Acquiring a merchant account can often in itself take more than a month while choosing a payments gateway and implementing fraud prevention services could add two weeks or more to the time needed to get up and running.
That’s all without considering such critical parts of the process as hiring a developer to integrate the company’s site, gateway and cart software, bringing a customer service team on board and selecting a shopping cart partner to process orders, all of which may take a significant amount of time and incur charges in excess of several thousand pounds.
Factor in such issues as screening and certification for PCI compliance and currency conversion for international orders and the scale of the challenge facing merchants that decide to act alone becomes ever clearer.
For many businesses this will amount to several steps too far. Time is money for any business and particularly for those just starting up or launching into new markets and making a rapid return on investment is especially important.
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Companies can’t afford to wait weeks or months to start seeing money coming in. They could go out of business during that time.
That’s where third party payments processing providers can play such an important role. Key “value adds” that they can deliver include broad industry relationships and the technical skills to quickly and easily integrate all the different elements of a payments processing system together, and to partner with and seamlessly connect to all the major shopping carts.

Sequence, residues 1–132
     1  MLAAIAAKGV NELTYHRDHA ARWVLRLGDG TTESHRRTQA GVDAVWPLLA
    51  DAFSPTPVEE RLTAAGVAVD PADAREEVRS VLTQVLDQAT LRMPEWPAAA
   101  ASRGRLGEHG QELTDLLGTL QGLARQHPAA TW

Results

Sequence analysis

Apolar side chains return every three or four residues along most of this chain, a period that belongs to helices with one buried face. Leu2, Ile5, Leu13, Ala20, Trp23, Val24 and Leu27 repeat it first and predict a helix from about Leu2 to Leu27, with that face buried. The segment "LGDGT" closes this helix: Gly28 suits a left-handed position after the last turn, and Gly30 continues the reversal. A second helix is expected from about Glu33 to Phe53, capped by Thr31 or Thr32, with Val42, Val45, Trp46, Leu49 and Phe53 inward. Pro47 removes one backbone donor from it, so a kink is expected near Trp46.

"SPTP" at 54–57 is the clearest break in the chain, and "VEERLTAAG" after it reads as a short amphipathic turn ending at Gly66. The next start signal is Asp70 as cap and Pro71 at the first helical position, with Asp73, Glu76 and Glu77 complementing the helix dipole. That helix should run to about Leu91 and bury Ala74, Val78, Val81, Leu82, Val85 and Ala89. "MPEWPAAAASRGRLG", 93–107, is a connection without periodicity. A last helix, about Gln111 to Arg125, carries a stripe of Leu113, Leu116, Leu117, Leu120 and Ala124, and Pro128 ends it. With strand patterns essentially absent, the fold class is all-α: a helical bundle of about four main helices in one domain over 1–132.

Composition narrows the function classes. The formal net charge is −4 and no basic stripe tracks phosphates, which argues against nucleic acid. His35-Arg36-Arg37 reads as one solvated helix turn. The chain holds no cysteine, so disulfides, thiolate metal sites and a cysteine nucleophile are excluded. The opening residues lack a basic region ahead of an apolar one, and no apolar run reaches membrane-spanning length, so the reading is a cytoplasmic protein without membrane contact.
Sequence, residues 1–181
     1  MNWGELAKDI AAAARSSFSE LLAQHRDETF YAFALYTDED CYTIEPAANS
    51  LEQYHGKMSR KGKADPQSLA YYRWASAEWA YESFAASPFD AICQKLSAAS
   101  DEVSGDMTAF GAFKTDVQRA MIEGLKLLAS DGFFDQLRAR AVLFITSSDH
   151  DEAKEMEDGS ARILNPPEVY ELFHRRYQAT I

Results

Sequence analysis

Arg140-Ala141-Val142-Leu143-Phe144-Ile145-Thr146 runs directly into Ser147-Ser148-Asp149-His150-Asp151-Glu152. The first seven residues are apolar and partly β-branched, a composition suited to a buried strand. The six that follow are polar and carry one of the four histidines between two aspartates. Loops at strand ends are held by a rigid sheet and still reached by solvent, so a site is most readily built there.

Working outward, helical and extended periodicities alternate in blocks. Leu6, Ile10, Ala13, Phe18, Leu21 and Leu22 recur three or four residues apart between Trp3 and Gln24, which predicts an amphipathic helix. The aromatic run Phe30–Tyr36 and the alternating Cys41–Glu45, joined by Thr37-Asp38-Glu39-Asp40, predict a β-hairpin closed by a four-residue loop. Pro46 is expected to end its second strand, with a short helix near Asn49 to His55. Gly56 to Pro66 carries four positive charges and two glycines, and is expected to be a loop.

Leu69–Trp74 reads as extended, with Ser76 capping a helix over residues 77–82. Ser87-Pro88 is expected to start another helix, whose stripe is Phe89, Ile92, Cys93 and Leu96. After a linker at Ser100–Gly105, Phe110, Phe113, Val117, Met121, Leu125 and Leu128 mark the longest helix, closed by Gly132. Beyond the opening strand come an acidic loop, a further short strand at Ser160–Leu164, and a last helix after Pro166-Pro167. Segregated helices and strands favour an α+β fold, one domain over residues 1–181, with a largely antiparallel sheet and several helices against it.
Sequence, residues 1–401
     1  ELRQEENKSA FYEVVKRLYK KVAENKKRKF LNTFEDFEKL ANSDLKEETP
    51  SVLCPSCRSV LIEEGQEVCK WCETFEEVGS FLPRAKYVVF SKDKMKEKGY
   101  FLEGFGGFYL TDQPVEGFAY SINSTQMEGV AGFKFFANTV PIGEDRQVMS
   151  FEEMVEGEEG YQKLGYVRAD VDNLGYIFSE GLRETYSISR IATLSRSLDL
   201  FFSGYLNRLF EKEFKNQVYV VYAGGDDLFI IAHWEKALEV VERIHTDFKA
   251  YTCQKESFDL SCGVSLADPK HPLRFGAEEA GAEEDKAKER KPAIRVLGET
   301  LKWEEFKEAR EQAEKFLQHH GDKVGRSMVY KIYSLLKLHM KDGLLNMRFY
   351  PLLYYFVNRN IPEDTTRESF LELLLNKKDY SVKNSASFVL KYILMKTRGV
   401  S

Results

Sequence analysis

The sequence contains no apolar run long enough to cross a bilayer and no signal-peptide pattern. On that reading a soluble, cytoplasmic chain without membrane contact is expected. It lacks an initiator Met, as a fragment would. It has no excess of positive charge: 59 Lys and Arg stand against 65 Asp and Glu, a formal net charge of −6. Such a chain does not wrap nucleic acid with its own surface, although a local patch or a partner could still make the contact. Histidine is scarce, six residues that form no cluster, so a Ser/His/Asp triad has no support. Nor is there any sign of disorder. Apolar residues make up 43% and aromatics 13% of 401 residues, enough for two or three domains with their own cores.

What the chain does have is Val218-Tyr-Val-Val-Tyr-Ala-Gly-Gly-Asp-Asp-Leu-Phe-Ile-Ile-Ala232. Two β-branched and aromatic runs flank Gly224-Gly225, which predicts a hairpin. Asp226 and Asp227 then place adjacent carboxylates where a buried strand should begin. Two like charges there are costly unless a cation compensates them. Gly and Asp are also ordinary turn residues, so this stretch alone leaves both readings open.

Much of this integration can be carried out pre-implementation and its complexity should be hidden from the business operating the system and critically too from the customers. Onboarding should be intuitive. Merchants can select a specific shopping cart solution, accept a processing agreement, implement a cart module; test the payments process and be fully up and running in a matter of hours rather than weeks or months.
For end customers, the result is a smooth and straightforward buying process; for the merchant it’s a payment processing system that drives engagement, loyalty and ultimately profitability.
The best payments processing providers can deliver much more than this to customers though. Typically, their in-depth understanding of ecommerce means that they can offer consultancy and strategic advice on everything from website design to distribution strategy to sales techniques and where required they can offer customer service and support into the bargain.
Ultimately therefore any merchant looking to move into the online world would be best advised not to look to go it alone.
They need to move fast to take advantage of the opportunities out there in the marketplace but they also need a system and an approach that is efficient, robust and secure – and that’s where partnering with an experienced third party payments processing can provide the best solution to their needs.
If you find yourself fed up with morning blues, you could always quit the rat race and run your online business from a beach like this entrepreneur.
Steve Wilson is the MD at Allied Wallet